"It feels like there's almost nothing to do, at times," she said.

Lilly Shaw, Freshman At School Without Walls, Washington, D.C.

Lilly Shaw, 15, said she has more time to spend with family with schools closed. Courtesy of/Lilly Shaw hide caption

toggle caption
Courtesy of/Lilly Shaw

In her family's driveway, Lilly Shaw scrawled a message in chalk to front-line workers:

Thanks healthcare workers
Postal Services &
Sanitation Workers

When a sudden worry about the coronavirus invades her thoughts, the 15-year-old tries to maintain positivity. She feels fortunate to still have an education — even if it is remote, even if virtual classes on Zoom are sometimes punctuated by long, awkward silences or students talking over each other.

Supplies Shaw uses at home for distance learning. Courtesy of/Lilly Shaw hide caption

toggle caption
Courtesy of/Lilly Shaw

Shaw attends School Without Walls, a competitive public high school in D.C. with a rigorous admissions process.

She starts her weekdays at 8 a.m., spending her first two hours finishing assignments and completing a blogilates workout over WhatsApp with her cousin. She sets timers throughout her day to make sure she stays on task.

Her teachers generally have virtual lessons between 10 a.m. and 2 p.m. Monday through Thursday. She meets with her math tutor for an hour, three times a week for extra help.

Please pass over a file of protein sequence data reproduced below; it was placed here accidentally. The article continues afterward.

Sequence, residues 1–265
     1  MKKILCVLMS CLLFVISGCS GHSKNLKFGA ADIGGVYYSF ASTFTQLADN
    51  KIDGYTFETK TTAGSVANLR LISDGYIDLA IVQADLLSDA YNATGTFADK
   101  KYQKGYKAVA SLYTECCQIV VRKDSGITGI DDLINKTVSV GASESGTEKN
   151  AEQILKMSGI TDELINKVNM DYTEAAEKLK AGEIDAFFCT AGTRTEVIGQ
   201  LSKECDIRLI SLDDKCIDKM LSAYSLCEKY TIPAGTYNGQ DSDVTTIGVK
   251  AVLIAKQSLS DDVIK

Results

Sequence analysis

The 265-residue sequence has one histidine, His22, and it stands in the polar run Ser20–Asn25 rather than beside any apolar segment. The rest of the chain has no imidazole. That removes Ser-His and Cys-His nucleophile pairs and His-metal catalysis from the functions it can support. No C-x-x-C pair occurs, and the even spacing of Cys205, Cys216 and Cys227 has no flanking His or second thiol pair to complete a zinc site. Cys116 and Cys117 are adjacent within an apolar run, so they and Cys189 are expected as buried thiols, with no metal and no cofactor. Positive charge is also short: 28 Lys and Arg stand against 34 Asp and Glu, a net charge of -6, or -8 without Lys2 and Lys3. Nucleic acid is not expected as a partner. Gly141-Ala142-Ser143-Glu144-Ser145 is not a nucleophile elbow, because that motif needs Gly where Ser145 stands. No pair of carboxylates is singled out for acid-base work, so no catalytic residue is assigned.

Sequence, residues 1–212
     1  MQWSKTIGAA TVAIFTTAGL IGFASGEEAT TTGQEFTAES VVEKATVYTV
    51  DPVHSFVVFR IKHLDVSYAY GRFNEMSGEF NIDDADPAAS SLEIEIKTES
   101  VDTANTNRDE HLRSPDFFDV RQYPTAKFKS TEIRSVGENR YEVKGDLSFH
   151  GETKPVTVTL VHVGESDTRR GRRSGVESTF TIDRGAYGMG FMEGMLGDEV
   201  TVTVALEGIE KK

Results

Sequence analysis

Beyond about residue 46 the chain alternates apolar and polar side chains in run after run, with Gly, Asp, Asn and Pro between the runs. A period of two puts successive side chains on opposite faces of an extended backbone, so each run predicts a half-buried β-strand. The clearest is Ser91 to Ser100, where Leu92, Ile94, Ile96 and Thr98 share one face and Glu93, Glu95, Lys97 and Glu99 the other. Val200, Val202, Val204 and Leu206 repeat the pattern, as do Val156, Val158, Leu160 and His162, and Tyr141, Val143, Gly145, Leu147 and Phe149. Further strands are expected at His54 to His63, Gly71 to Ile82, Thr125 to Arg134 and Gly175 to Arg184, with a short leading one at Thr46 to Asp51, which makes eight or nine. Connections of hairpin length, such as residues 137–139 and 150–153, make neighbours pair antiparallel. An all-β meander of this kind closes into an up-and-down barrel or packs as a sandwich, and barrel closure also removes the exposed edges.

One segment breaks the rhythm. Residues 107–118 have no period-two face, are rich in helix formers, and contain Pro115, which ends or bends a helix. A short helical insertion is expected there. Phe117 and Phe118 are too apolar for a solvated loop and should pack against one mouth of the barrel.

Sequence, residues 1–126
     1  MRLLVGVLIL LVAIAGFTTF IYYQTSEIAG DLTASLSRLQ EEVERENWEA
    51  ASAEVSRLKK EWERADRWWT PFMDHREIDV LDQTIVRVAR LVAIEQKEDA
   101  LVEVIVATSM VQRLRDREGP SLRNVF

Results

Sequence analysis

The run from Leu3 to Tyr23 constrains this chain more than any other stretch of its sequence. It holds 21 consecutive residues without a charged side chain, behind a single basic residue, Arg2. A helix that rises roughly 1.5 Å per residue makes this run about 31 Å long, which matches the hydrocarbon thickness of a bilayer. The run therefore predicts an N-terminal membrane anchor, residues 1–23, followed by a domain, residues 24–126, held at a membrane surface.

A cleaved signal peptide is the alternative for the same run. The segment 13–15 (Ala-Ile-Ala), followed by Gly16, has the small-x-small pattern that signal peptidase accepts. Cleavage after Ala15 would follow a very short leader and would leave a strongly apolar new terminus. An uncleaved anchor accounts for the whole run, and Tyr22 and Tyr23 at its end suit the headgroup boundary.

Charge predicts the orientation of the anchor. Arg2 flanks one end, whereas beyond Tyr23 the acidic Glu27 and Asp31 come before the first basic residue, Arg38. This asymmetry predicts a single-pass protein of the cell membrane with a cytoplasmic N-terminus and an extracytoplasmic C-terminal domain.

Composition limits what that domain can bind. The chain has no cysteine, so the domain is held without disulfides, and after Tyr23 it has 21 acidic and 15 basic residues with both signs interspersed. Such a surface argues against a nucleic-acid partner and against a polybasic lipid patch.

At school, Shaw said deadlines are shorter. She filled her time after school finishing homework, she said. Now, she has a week to finish some assignments

"Each day, now I can fork out a couple hours to spend with my family, maybe watch a show together or just eat together," she said.

Jimmy Le, Junior At Annandale High School, Annandale, Va.

After he learned schools had closed in Virginia, Jimmy Le paced the aisles of a Target store and "just started freaking out."

"I remember feeling so anxious," he said. "So many thoughts were running through my head like, 'What's going to happen?'"

Jimmy Le poses with a plant a friend gave him because Le was "going through a hard time." Courtesy of/Jimmy Le hide caption

toggle caption
Courtesy of/Jimmy Le

The pandemic has taken a toll on his mental health. In the beginning, Le said he felt the need to "grind," filling his extra time with more work and exercise. But he said he eventually became overworked.

He slowed down, picking up a guitar to relax.

He said he logs on to Zoom for weekly wellness meetings, gathering mental health tips and listening to psychologists. He has fallen behind on assignments, struggling to stay motivated because there are no repercussions for missing work.

Le said many of his friends have had to care for family members sickened by the coronavirus. The high school junior has also helped family, translating unemployment documents from English to Vietnamese.

"There's no way you can make school a priority right now," he said.

Questions or comments about the story?

WAMU 88.5 values your feedback.

From NPR station

WAMU 88.5